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Roshan Pamnani is a radio jockey by profession and a lyricist by passion. But it wasn’t until recently that the 32-year-old found a way to showcase his skills with the written word. The Ahmedabad resident was initially sceptical when he heard about a contest by a startup called Talent Dekho, one of a growing number of new-age talent-discovery platforms in the country. Roshan’s version of the hit number ‘Apna Time Aayega’ from the movie Gully Boy won him the Rs 50,000 cash prize sponsored by Zee Gujarati.

“I have seen local artistes doing very well and improve their standard of living by displaying their talent online. Whether on YouTube or other talent platforms,” says Roshan, who plans to invest the prize money to create another video. “Today, there is no barrier to display talent online and, in fact, with the advent of apps like Talent Dekho, there is much credibility associated with these platforms.”

Roshan is not the only one to go plural. Heena Soni, earlier a host with Singapore-based live-streaming app Bigo Live, is now a full-time recruiter with it. The 21-year-old’s job is to enlist hosts who would dance, perform, talk and entertain Bigo’s 200 million registered users worldwide, including 60 million from India. The audience pays the hosts in the form of digital gifts that can be monetised.

Soni says hosts on Bigo Live typically earn Rs 25,000-50,000 a month, sometimes going up to Rs 1 lakh, if virtual gratification is included.

Several talented millennials and Gen Z’ers such as Roshan and Soni are supplementing their income on user-generated content, or UGC, platforms. Bigo Live alone has about 13,000 hosts in India.

 

The rise of talent apps and UGC

Over the past year, Chinese apps such as TikTok, Vigo, LIKE and Helo have made snackable content popular in India, triggering a proliferation of talent opportunities driven by UGC for youngsters in India’s small cities and towns. Domestic talent-discovery apps include Touchtalent, Hungama Artist Aloud, TalentNext, Talent Dekho, Dazzlr by Quikr, and First Wall by Dainik Bhaskar. Globally, MobStar (a Times Group India portfolio company) was among the early movers in this space. Others include Vydia, Bkstg, and BandPage (acquired by YouTube). Renowned micro-influencers such as Lisa Mishra, Mehak Dhillion and actress Neetha Shetty have been discovered by talent-discovery apps.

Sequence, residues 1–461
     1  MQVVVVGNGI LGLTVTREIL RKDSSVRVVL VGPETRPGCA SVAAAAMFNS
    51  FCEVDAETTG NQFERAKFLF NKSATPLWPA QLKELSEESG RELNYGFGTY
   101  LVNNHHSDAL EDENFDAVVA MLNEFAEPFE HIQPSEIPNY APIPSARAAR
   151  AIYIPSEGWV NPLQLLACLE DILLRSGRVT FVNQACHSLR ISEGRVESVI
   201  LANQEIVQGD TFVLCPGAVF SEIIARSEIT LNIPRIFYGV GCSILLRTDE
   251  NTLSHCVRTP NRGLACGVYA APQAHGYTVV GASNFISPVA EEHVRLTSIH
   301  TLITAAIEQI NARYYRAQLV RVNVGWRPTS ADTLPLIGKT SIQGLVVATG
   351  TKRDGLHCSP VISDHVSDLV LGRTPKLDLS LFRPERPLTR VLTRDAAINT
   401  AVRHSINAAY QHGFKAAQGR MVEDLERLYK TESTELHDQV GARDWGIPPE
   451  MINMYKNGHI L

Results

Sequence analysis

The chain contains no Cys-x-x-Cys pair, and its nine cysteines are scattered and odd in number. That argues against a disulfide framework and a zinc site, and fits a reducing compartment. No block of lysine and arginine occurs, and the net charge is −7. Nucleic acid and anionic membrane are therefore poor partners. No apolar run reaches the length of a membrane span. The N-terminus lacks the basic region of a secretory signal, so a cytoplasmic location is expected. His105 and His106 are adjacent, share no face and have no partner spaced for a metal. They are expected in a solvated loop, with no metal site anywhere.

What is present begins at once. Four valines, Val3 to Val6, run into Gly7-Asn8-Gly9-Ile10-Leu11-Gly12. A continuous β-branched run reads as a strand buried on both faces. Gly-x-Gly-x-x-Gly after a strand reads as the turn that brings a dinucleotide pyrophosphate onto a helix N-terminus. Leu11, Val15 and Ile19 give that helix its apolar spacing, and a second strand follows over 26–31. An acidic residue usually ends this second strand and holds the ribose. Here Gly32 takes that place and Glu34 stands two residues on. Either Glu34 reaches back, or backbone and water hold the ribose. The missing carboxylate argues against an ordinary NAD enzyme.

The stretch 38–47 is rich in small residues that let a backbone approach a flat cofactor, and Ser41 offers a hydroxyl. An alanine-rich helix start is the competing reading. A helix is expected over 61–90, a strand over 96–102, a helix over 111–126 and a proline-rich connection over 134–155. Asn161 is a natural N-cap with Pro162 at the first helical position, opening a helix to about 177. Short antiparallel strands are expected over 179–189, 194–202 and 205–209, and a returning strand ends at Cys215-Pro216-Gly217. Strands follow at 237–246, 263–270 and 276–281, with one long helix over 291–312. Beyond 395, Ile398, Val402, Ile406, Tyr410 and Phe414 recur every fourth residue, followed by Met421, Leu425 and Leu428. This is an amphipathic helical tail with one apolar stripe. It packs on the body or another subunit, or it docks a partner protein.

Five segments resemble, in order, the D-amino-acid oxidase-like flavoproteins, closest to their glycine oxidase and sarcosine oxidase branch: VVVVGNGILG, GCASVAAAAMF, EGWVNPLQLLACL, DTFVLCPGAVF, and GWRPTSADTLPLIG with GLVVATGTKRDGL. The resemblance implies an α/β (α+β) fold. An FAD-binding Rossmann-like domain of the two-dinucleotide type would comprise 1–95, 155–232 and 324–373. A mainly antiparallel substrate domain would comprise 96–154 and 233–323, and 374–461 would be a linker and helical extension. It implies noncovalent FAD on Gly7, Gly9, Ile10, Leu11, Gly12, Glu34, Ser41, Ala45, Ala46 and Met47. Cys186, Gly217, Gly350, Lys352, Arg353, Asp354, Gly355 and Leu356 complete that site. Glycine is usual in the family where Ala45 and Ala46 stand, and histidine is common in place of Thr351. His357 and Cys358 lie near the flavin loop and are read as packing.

Giving legs to this trend is the rapid rise of mobile-first consumption of entertainment. As per this report, about 2 billion devices in India are expected to be connected on the internet network by 2021.

“We are only seeing newer models of something that has already existed. Talent has always been prevalent but was not easily accessible because of lack of opportunities,” says Prateek Lal, cofounder, Talent Dekho. “Technology platforms have killed those barriers. For us, through the platform we are creating, it is all about embracing the uniqueness that India has to present. There are two parts to this. One is the artist who believes that his/her talent is unique, the other is the consumer who likes to consume something that is unique.”

Talent Dekho has registered more than 1,500 creators from 350 cities across India and added over 13,000 content pieces in just three months. The platform makes celebrities of its creators by featuring them on hoardings, making discovery an easier process.